"You can understand the fans' reaction to the result," McGregor said. "When you're at a big club like Celtic that's the kind of pressure you play under. At this club it's a disaster any time you lose, but to get beaten like that is even worse. But we've just got to go again and try to get better. I don't think the Europa League is a more realistic proposition for us. It's just going to take the new manager a wee while to discover his best team."

While Deila and his backroom staff conduct a crash course on play-off opponents Maribor, the pursuit continues for "one, two, maybe three" new arrivals before the play-off round. That would mean at least one signing in the next 48 hours, as after tomorrow clubs can only add one more player up to midnight on the day before the first leg, August 19. But if Deila wasn't aware of the harsh realities of the club's situation in relation to big spending English Championship clubs before, he certainly is now. While in theory it is an option to bring in experienced professionals capable of making an immediate impact, Deila is well aware that the logic of the transfer market usually pushes Celtic into younger, more work-in-progress-like signings.

"I would do it in one second if that was possible," said the manager. "But we have to be reasonable and that takes time. The players you are talking about, their first thought is: 'Do I have an opportunity here at my club?

"When the answer is no, that is when they start thinking about other possibilities. That is when we come into the game. There are two possibilities to create a team; you can buy it, or you can develop it, and here we mostly do the latter."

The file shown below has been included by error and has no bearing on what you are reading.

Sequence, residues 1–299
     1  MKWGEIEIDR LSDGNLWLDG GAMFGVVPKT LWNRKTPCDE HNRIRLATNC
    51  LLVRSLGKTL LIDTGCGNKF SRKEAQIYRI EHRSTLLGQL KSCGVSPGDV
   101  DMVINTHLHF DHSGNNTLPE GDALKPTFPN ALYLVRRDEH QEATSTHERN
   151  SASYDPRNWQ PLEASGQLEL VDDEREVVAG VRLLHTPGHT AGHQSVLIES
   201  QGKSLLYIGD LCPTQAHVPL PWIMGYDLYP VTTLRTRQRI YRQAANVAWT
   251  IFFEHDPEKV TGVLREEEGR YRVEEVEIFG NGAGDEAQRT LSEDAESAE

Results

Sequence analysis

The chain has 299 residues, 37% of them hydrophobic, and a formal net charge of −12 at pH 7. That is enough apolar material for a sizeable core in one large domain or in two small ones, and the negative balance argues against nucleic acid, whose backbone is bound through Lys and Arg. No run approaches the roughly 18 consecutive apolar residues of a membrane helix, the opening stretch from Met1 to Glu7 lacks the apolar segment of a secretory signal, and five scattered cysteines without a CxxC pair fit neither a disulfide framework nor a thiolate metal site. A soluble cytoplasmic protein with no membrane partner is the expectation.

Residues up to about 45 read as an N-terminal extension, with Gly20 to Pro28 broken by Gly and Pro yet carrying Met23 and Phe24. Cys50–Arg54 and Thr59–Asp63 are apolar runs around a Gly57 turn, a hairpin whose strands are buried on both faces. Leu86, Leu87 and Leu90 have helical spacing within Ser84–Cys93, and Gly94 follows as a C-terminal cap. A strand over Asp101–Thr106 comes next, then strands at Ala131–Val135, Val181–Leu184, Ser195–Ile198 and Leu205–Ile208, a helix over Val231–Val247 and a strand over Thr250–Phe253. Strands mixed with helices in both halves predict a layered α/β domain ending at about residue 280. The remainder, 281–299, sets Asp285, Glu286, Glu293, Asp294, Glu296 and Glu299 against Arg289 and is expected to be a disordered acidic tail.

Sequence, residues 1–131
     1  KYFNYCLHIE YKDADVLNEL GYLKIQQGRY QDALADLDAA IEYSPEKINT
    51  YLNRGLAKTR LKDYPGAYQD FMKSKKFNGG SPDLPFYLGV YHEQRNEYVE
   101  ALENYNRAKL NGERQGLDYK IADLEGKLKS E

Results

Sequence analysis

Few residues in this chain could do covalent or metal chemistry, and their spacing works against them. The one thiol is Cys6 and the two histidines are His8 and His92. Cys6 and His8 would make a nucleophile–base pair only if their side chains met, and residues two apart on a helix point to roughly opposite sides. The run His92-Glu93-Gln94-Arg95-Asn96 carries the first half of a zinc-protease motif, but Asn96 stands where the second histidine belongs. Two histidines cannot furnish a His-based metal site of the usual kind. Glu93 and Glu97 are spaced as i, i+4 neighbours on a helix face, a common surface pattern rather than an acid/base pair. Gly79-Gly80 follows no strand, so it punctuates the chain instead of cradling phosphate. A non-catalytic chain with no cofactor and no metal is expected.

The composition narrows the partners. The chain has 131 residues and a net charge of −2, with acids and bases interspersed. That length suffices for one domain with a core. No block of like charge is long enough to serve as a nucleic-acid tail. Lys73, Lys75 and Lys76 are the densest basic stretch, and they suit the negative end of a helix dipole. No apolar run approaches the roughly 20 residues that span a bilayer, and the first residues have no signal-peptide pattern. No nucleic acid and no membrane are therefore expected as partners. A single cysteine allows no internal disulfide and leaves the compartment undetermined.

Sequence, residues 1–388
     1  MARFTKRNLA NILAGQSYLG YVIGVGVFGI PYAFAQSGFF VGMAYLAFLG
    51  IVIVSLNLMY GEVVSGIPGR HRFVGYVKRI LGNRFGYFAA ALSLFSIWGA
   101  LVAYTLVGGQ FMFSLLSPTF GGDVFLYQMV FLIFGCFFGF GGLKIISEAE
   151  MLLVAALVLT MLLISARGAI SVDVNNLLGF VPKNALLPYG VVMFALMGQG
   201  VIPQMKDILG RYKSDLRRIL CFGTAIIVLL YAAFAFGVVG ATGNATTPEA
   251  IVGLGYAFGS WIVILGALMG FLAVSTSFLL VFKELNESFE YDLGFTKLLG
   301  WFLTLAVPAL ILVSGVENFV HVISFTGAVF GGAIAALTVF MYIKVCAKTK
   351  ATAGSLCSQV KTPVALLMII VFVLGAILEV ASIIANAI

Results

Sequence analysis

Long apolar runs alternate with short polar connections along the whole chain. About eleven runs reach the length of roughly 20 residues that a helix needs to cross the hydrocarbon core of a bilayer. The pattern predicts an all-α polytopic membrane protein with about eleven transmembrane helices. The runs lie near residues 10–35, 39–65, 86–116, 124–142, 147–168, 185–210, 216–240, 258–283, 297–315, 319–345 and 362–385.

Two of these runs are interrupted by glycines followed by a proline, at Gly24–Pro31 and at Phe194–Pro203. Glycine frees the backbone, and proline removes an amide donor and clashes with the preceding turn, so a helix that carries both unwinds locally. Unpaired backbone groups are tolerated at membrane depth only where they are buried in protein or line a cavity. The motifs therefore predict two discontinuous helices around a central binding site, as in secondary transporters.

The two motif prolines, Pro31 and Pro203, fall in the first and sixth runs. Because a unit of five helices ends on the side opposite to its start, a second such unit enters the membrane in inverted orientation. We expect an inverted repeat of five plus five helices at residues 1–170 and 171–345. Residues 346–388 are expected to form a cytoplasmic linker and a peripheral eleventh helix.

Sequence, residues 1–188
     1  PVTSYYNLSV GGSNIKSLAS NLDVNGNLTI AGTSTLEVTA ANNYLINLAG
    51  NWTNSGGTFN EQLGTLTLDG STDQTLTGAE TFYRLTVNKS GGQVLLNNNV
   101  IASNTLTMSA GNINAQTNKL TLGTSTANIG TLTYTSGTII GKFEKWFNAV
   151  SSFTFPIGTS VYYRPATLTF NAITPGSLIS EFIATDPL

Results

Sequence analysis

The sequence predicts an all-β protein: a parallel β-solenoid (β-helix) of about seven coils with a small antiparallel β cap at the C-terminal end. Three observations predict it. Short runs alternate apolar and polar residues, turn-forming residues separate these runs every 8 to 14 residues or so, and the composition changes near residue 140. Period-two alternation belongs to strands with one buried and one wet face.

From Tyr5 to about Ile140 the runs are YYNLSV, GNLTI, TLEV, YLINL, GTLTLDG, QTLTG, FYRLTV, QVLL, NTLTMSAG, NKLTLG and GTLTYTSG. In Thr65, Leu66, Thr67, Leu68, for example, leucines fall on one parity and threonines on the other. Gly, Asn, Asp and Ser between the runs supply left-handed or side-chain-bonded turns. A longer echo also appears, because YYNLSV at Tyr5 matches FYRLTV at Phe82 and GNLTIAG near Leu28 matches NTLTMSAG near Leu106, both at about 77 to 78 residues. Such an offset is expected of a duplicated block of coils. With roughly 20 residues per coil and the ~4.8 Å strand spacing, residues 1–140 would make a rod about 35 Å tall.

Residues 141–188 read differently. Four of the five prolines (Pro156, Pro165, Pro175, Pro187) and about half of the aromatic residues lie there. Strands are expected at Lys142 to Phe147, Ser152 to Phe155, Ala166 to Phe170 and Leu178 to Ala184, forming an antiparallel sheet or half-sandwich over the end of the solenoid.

One man who may fall into the category of an experienced player capable of making a difference at Champions League level is Georgios Samaras, a return for whom Deila has refused to rule out.

The Norwegian also feels there is much, much more to come in terms of performance from the players who failed so badly over the two legs against the Poles. "There's a lot of quality in this team," said Deila. "I said the performance was not good enough, but our performance can be much better in a short time. I've seen teams who are different from Wednesday to Saturday."

Next up for Celtic is their opening domestic league match of the season on Wednesday. They are away to St Johnstone, who showed a good deal more fight in Europe this week than the Parkhead side, even if their reprieve never came.

"I saw their game this week - it was a good performance," Deila said. "And I watched one of the last games they played against Celtic, a 1-0 win [at McDiarmid Park last Boxing Day] which was also a tough game. There's nothing that's a given here. And the first game of the league season is always a bit tense. But a good performance and a win will give us more confidence and that's what we want. I'm looking forward to the league starting. It's much better than pre-season matches."

Whatever else it may be, life at Celtic under Deila certainly won't be boring.